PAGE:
Shalom

How blessed are those who make peace! For they will be called sons of God.

Matthew 5:9 CJB

I am a middle child. I have three older sisters and two younger. My oldest sister, Cindy, is nine years older than me, while my youngest sister, Melanie, is nine years younger.

The term most often applied to middle children is peacemakers. That was my role as a child in our loud and sometimes chaotic family. I hated conflict and strove to make peace.

What is a peacemaker?

Google defines it as : “A person who brings about peace, especially by reconciling adversaries.” But, the Hebrew language doesn’t use the word peacemaker, but the phrase “those who make peace.”

In English the word peace means, “freedom from disturbance; tranquility.”

Perhaps the best known Hebrew word for most Christians is shalom. Although people use it as a greeting, most people will say shalom means “peace.” But, if you know me, or have read my blog for any amount of time, you might predict I will tell you there is more to the meaning of the word shalom than just peace. 🙂

Shalom means more than “freedom from disturbance” or absence of strife. Strong’s Concordance, as well as the Hebrew defines shalom as:

Completeness, soundness, welfare, peace

https://biblehub.com/hebrew/7965.htm

Completeness means, Having no deficiency; perfect. Finished; ended; concluded; as, the edifice is complete.https://av1611.com/kjbp/kjv-dictionary/complete.html

Soundness is, “The ability to withstand force or stress without being distorted, dislodged, or damaged.” https://www.merriam-webster.com/thesaurus/soundness

The Prince of Peace

Isaiah 9:6 tells us Jesus is the Prince of Shalom or Peace. However, Jesus never promised us a world without disturbance or strife. Actually, quite the opposite.

I have said these things to you, that in me you may have peace. In the world you will have tribulation. But take heart; I have overcome the world.

John 16:33 ESV

They will be divided, father against son and son against father, mother against daughter and daughter against mother, mother-in-law against her daughter-in-law and daughter-in-law against mother-in-law.

John 12:53 ESV

But, Jesus did promise to make us complete. He promised to give us a sound mind and told us He would never leave us or forsake us.

For in Him dwells all the fullness of the Godhead bodily; and you are complete in Him, who is the head of all principality and power.

Colossians 2:9-10 NKJV

Jesus said, “O the Blessedness of those who make peace…” So, how do we carry out completeness and soundness?

How can we bring people to a place of completion while helping them withstand the battles around them? Prayer, discipleship, helping them discover their identity in Christ, and simply walking this Christian life beside them.

Again, taking in all the Beatitudes we have covered up until now, we find it begins with our heart, humility, and compassion.

In Exodus 34, God describes Himself to Moses:

“YUD-HEH-VAV-HEH!!! Yud-Heh-Vav-Heh [Adonai] is God, merciful and compassionate, slow to anger, rich in grace and truth; showing grace to the thousandth generation, forgiving offenses, crimes and sins; 

Exodus 34:6 CJB

God described Himself as merciful first. Jesus used this exact Hebrew word in the Beatitude: How blessed are those who show mercy! For they will be shown mercy.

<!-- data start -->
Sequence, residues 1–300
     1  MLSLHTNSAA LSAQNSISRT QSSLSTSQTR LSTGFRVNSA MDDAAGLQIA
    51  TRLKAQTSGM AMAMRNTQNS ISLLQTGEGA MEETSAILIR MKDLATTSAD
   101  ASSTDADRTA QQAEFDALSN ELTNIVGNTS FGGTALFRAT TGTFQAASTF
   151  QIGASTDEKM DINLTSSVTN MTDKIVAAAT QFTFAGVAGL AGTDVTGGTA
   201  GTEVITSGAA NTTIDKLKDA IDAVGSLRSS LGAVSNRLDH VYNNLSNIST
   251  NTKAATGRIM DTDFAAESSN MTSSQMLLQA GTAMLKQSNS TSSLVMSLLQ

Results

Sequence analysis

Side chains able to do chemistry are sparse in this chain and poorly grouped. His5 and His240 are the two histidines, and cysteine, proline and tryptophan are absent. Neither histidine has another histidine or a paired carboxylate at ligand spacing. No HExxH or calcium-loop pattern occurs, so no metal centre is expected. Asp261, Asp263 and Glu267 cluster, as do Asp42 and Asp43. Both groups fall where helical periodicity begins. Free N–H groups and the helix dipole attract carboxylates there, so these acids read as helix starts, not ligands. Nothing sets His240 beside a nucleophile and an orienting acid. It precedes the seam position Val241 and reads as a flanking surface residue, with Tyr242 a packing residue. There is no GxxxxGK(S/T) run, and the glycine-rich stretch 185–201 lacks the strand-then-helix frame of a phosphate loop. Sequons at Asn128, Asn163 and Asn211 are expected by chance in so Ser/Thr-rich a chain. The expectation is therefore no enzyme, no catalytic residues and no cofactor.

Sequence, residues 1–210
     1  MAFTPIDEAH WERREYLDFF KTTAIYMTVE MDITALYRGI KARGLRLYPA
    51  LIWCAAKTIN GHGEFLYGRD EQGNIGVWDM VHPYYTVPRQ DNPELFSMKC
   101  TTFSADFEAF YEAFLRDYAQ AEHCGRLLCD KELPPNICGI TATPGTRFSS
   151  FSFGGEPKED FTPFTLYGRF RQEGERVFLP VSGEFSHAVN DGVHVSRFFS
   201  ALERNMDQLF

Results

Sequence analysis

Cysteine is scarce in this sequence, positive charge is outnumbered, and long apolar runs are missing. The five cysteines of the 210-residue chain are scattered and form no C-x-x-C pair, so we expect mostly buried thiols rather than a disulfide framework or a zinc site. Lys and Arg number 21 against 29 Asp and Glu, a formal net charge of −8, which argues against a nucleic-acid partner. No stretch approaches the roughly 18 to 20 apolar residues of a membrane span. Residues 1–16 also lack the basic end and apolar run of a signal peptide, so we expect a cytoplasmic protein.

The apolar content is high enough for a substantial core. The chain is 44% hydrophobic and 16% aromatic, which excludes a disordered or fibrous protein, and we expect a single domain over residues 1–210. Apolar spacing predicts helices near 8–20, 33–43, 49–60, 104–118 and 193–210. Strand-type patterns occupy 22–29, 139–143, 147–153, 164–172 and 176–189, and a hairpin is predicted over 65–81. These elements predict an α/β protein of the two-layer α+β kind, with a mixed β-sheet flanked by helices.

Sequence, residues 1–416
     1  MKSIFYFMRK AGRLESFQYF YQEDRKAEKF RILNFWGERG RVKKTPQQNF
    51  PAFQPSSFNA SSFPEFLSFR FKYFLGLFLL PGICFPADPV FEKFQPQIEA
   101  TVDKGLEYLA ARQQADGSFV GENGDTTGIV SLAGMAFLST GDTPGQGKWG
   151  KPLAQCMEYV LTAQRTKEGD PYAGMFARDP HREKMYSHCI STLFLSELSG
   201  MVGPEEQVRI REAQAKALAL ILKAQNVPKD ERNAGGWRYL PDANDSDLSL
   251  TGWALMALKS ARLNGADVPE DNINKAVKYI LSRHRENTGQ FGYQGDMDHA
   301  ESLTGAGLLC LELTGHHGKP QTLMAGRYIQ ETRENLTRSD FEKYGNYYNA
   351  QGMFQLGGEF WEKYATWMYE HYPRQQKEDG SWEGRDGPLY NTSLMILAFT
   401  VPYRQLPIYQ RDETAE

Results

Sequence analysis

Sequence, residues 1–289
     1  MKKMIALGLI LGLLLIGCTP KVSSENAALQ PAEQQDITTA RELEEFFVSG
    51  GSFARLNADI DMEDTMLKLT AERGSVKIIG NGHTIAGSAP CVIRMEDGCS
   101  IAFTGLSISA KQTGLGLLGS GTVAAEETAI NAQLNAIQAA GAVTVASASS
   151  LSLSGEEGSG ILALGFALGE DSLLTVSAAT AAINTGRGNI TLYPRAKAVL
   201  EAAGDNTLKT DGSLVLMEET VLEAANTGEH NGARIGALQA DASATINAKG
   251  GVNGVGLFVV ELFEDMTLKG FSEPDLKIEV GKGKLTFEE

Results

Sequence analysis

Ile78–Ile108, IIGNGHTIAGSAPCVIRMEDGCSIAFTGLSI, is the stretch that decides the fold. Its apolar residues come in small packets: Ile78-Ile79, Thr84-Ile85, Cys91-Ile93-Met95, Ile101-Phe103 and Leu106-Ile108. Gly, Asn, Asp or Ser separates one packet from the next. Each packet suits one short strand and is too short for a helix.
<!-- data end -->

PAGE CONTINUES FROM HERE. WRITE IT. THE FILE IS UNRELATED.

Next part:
Throughout these Beatitudes, Jesus is telling us to be like Him and the Father.

This brings us to the promise of this verse: For they will be called the sons of God. We are most like the Son of God when we are a peaceful, encouraging, and loving presence in people’s lives.

We are most like the Son of God when we are a peaceful, encouraging, and loving presence in people’s lives.

My twins were born at twenty-seven weeks, weighing two pounds and unable to breathe without a ventilator. Women from my church provided me with rides to the hospital, since the doctor had not cleared me to drive. I remember one particular day clearly. While sitting next to their isolettes, I watched Alexandria’s tiny body struggle to breathe–her lungs collapsed. She was already on a ventilator, but the neonatal staff could not keep her lungs inflated. She was so weak and gray-looking from the lack of oxygen circulating in her fragile body.

My driver, who I met for the first time that day, was eight months pregnant, and had three other children at home. I knew she needed to go, but I could not leave Alexandria. I told her to leave me there, but she would not go. She stayed with me until my baby girl was stable. My husband was at our restaurant and since this sister did not want me to be alone at home, she took me there. I don’t see her anymore but will always remember this woman’s kindness and the care she and the other women who took me back and forth to the hospital gave me for six weeks.

They were Jesus to me during my time of need.

Ask the Lord how you can give peace to someone this week.

Here are links to the other Beatitudes in this series…

The Poor in Spirit

Blessed are those who mourn

Blessed are those who are Meek

Blessed are those who Hunger and Thirst for Righteousness

Blessed are those who show Mercy

Blessed are the Pure in Heart

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8 thoughts on “Shalom

  1. Oh, but how I pray God will continue molding me so I might one day be seen as a peacemaker and not a warmonger. Loved this post ma’am.

  2. I was a middle child sandwiched between my two brothers. I wasn’t a peacemaker because as you said with your family it was chaos in between tons of work on the farm. I allow things to get to me to the point that I lose sleep over it. Peace, completeness, soundness would be very nice to have!
    Thanks for going deeper!
    Ben C.

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